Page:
Eat Your Words: Irony and Dough
Devouring books and crafting meals is great – but sounding smart while you do it is even better. That’s why we’re teaching you to eat your words. In this weekly guide, we introduce one literary device (PAPER) and one culinary term (PLATES) everyone should know.
Irony (noun): in literature, a technique using development of character or plot to indicate a meaning that is in fact opposite to what is presented.
Example: In This Is How You Lose Her, the theme of masculine privilege is pervasive, manifesting itself as an ugly construct that serves to keep women down and hurt families. The book's protagonist, Yunior, is evidently oppressed by his father's power, but turns out to commit many of his same crimes, namely lust and infidelity. At once a victim and a perpetrator, Yunior's existence in the face of masculine privilege is clearly ironic.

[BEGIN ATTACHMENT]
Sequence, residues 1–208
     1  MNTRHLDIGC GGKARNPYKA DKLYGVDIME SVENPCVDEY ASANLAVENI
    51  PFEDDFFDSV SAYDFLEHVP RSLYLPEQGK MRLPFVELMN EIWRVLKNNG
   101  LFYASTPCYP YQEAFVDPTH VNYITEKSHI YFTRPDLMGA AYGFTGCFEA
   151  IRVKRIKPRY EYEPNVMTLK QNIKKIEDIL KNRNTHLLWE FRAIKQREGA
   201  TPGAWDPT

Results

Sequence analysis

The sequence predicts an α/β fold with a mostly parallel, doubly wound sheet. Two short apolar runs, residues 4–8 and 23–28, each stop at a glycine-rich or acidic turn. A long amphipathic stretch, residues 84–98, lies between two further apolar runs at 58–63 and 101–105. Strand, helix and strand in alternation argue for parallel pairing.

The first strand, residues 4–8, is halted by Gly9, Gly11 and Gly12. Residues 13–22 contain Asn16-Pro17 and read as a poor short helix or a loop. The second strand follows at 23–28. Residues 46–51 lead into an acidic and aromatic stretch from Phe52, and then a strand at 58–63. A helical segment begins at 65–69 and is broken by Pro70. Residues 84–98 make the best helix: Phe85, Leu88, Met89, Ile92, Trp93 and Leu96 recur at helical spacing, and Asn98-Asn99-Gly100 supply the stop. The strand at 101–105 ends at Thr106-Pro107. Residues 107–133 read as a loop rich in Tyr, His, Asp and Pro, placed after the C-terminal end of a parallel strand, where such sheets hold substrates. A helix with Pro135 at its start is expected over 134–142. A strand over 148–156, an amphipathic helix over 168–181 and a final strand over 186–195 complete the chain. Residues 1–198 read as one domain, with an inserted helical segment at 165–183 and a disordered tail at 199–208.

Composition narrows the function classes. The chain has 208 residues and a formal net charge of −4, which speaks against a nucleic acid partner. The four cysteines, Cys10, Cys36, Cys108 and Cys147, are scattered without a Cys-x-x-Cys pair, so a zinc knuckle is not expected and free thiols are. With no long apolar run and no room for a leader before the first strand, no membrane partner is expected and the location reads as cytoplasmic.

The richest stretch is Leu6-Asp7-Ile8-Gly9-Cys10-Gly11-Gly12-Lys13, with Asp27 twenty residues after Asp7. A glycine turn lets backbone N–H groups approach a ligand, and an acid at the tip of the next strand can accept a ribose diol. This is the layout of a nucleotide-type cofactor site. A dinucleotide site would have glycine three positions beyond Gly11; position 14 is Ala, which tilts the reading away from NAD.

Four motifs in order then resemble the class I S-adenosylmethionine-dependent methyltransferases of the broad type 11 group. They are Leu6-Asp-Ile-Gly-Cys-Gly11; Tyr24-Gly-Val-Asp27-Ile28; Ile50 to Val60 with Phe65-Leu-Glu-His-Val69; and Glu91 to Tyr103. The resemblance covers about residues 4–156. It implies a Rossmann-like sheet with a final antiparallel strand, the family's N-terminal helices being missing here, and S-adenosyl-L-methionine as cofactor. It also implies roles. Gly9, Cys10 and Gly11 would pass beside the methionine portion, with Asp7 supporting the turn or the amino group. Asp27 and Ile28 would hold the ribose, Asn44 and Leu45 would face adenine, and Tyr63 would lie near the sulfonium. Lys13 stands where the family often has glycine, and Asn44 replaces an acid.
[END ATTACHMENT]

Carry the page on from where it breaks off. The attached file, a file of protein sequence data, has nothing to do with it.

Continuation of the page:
Dough (noun): a paste of bread made from flour or meal combined with water, milk and the like, to be used for baking.
Example: Over the months, we have featured many doughs on PAPER/PLATES. The most recent example is for Mariam's stuffed bread, but you could also try Katie's tea biscuits, my scones, or Caryn's multi-grain sunflower loaves.
See past installments by visiting our Eat Your Words archive!